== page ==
Abstract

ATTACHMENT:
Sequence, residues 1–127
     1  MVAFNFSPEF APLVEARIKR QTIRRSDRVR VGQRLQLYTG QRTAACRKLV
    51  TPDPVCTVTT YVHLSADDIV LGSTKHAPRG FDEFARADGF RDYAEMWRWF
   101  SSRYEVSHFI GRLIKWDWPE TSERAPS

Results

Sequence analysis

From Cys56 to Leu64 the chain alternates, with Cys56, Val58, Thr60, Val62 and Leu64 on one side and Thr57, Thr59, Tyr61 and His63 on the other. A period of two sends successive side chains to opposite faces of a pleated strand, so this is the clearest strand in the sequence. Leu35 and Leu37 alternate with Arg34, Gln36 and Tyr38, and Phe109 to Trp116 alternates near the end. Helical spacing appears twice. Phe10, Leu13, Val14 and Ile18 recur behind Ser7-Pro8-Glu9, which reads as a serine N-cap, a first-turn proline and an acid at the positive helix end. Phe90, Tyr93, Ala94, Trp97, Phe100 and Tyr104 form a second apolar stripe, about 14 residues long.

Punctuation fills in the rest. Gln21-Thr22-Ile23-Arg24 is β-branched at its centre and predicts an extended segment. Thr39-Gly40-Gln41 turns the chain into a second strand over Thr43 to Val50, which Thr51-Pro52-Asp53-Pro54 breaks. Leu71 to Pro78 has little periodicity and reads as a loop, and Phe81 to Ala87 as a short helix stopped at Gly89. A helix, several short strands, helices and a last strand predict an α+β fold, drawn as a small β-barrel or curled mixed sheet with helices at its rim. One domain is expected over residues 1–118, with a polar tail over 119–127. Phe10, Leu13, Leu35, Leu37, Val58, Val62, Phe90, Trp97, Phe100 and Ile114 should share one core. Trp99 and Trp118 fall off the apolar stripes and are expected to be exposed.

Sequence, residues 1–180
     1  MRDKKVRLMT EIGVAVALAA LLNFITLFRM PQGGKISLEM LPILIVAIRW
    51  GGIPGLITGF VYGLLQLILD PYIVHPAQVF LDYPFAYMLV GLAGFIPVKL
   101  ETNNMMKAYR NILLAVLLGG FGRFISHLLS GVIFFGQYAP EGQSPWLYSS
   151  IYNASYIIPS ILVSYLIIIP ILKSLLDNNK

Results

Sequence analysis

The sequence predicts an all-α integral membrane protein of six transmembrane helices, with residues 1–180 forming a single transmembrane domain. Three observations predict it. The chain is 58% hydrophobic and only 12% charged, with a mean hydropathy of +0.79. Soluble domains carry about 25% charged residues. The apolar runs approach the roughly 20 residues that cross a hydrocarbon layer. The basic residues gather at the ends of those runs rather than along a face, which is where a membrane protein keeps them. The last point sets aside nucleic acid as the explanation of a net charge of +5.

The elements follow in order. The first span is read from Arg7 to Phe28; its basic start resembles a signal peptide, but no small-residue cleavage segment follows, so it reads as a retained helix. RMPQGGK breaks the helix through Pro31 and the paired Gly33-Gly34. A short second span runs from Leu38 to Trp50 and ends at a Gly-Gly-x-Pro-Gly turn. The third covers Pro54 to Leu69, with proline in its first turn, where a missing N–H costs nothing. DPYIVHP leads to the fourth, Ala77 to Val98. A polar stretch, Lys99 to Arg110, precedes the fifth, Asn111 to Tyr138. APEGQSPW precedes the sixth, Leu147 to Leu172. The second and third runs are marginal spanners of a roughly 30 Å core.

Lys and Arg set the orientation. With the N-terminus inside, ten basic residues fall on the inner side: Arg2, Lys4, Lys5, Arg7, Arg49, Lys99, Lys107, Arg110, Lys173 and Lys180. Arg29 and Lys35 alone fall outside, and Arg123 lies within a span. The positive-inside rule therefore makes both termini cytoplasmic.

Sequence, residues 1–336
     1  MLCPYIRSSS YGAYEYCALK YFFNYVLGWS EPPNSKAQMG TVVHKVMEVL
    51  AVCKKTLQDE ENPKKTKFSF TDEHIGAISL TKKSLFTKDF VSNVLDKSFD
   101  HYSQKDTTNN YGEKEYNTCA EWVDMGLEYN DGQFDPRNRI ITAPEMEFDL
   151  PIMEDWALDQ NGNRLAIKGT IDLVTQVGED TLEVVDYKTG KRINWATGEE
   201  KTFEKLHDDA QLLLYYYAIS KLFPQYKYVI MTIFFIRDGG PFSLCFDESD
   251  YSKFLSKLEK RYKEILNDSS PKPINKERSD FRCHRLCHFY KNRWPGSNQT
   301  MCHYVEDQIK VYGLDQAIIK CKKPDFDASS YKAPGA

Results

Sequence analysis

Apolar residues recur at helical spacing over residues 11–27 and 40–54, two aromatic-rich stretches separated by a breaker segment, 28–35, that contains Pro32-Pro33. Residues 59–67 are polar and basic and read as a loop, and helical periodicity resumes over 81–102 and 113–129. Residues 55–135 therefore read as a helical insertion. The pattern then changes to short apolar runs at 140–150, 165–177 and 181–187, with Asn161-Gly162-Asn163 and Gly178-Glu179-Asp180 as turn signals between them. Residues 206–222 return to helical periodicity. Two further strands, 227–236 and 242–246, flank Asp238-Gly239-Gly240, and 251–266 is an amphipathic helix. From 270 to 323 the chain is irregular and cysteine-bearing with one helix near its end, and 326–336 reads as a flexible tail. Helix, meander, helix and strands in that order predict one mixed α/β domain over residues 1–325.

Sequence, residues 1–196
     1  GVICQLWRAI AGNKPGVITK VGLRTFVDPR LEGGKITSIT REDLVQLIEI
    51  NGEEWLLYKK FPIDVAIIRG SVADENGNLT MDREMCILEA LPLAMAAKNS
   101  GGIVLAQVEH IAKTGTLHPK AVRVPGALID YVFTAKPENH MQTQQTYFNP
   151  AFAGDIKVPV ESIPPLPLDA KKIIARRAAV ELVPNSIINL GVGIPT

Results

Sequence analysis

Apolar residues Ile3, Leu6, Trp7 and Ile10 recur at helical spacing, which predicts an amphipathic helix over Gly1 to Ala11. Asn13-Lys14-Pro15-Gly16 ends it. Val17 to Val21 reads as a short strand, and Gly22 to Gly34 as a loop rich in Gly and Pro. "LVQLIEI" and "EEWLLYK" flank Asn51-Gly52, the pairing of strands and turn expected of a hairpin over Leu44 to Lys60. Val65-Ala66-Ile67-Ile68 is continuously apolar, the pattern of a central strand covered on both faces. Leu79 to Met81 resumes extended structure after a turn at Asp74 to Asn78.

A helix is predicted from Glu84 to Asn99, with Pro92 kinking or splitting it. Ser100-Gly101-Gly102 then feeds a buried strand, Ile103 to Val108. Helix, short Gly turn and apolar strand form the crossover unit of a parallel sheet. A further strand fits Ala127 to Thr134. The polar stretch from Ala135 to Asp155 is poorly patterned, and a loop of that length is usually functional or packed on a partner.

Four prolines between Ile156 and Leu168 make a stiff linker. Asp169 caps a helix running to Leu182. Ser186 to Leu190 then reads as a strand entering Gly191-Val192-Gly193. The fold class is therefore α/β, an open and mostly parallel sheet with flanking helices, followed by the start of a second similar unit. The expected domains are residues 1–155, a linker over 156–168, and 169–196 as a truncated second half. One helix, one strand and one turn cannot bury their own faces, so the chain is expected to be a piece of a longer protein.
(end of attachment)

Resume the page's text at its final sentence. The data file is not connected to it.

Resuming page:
The Fe concentrations in fluids present in very saline fluid inclusions from the King Island W skarn, hole 16, F-Sn-W deposit and the Mary Kathleen U-rare earth element skarn have been determined using the phase deposit volume method. Fe-bearing daughter minerals include magnetite, pyrite, amarantite (Fe (super +3) (SO 4 )(OH) . - 3H 2 O), and hydrated ferrous chloride. The fluid inclusion liquid compositions are inferred from a combined analysis of first melting temperatures (= eutectic temperatures of the salt system), daughter crystal identification by scanning electron microscopy in conjunction with an energy dispersive X-ray analyzer, and relevant published experimental salt solubilities. Maximum Fe solubilities show an exponential increase to 9 wt percent Fe with increasing total anion content of the fluid, especially in the 20 to 30 wt percent interval. Fe solubility is mainly dependent on total chloride contents, with fluoride contributing very little to increasing the Fe solubility. Temperature, f (sub O 2 ) , and f (sub S 2 ) appear to have a minor influence on the total Fe solubilities.Some of the samples contain solid Fe-bearing crystals which coexisted with the fluid inclusions and probably buffered Fe at the appropriate a Fe values during genesis, but the Fe contents of most fluids were probably undersaturated with respect to Fe-bearing minerals. Over the range for which the total anion content of the fluid is 25 to 35 wt percent, the apparent maximum Fe content of fluids tends to decrease in the following order when the Fe-bearing daughter crystals are present: magnetite > pyrite > hydrated ferrous chloride [raquo] amarantite, although anomalies to this trend occur.The Fe solubility data are used to explain some Fe mineral overprints (stages II and III) of skarns, the magnetite-Fe chlorite-cassiterite veins in tin granites, and the zonal pattern present in porphyry copper systems. The Fe data suggest that the highly saline, Fe-bearing solutions present in the cores of porphyry systems and other near-contact deposits are not a result of increased salinity of hydrothermal fluids due to boiling of meteoric solutions but are inherent from an orthomagmatic source.

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